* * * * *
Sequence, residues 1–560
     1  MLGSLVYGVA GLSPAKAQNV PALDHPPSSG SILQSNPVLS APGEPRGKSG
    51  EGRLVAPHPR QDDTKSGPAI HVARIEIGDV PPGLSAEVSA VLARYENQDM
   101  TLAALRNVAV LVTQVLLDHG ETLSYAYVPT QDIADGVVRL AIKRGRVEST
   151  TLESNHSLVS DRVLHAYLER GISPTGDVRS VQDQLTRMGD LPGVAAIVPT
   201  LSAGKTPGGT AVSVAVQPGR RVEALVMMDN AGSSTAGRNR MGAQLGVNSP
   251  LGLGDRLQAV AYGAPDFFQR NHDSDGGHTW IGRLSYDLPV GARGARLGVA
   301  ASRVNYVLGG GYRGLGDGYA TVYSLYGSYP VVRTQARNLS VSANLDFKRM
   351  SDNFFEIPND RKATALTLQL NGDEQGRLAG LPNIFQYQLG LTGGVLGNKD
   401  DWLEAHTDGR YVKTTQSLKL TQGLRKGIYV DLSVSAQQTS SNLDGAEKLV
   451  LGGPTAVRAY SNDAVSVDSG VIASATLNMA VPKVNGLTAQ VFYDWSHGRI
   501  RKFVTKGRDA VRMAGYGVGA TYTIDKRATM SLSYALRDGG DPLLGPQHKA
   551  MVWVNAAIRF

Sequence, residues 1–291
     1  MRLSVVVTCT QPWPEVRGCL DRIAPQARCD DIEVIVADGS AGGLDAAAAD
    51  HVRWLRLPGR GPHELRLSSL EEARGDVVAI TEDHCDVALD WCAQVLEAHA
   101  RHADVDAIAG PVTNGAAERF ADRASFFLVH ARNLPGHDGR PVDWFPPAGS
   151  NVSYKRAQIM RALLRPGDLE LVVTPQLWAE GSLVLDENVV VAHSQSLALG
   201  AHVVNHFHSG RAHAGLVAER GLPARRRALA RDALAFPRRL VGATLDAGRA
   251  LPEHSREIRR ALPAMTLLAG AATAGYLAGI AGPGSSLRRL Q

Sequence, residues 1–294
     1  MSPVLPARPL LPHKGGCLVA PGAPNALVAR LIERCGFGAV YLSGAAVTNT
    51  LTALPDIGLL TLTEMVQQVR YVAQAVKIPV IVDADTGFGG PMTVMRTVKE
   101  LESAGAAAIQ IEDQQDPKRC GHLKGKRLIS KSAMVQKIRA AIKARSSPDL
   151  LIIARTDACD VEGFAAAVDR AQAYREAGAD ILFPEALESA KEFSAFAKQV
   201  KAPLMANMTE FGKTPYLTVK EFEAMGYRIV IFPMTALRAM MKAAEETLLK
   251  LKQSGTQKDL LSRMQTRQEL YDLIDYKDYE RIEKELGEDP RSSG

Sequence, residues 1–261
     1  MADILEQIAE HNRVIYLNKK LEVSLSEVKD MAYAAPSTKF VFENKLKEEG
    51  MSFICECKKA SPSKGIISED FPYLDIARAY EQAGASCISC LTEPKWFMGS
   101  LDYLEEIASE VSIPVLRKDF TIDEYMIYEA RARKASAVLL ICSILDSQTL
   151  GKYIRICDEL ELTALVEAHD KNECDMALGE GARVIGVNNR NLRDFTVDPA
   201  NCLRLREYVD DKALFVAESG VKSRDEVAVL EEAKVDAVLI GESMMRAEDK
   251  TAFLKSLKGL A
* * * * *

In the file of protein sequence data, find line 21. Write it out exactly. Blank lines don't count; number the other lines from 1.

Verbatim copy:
Sequence, residues 1–294